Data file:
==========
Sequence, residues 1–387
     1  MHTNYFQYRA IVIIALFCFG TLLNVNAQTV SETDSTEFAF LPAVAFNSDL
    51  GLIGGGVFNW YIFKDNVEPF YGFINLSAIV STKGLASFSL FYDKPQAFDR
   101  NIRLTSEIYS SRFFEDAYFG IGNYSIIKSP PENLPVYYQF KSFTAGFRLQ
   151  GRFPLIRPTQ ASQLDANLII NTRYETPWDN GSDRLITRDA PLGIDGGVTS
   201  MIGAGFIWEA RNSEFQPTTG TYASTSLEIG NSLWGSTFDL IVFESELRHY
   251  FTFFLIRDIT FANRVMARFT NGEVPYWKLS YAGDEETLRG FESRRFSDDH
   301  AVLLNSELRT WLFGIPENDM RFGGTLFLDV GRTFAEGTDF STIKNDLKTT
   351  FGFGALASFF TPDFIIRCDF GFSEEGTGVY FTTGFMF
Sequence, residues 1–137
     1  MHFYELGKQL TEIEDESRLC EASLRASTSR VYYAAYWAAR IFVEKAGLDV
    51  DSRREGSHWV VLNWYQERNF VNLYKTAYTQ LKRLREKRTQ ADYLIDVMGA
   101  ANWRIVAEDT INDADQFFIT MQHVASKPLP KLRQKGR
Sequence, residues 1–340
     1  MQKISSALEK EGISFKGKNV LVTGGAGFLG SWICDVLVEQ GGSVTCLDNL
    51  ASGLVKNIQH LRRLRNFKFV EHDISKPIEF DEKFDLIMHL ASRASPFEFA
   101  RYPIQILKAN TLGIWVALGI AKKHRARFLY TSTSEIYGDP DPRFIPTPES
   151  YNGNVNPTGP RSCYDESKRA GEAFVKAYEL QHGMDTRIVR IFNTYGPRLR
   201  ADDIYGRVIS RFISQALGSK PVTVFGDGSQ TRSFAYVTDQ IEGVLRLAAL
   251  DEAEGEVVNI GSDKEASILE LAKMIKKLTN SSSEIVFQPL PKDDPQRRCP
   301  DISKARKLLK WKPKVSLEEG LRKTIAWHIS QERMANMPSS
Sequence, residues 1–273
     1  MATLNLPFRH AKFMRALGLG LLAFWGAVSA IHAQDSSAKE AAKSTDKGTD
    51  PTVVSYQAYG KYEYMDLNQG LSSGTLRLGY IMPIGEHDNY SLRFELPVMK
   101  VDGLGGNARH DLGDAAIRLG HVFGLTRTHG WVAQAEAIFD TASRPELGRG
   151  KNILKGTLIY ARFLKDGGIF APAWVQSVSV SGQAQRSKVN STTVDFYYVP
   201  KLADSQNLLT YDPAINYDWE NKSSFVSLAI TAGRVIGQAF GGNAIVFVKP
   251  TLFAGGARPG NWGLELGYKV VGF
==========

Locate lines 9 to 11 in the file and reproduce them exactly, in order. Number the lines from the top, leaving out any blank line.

   351  FGFGALASFF TPDFIIRCDF GFSEEGTGVY FTTGFMF
Sequence, residues 1–137
     1  MHFYELGKQL TEIEDESRLC EASLRASTSR VYYAAYWAAR IFVEKAGLDV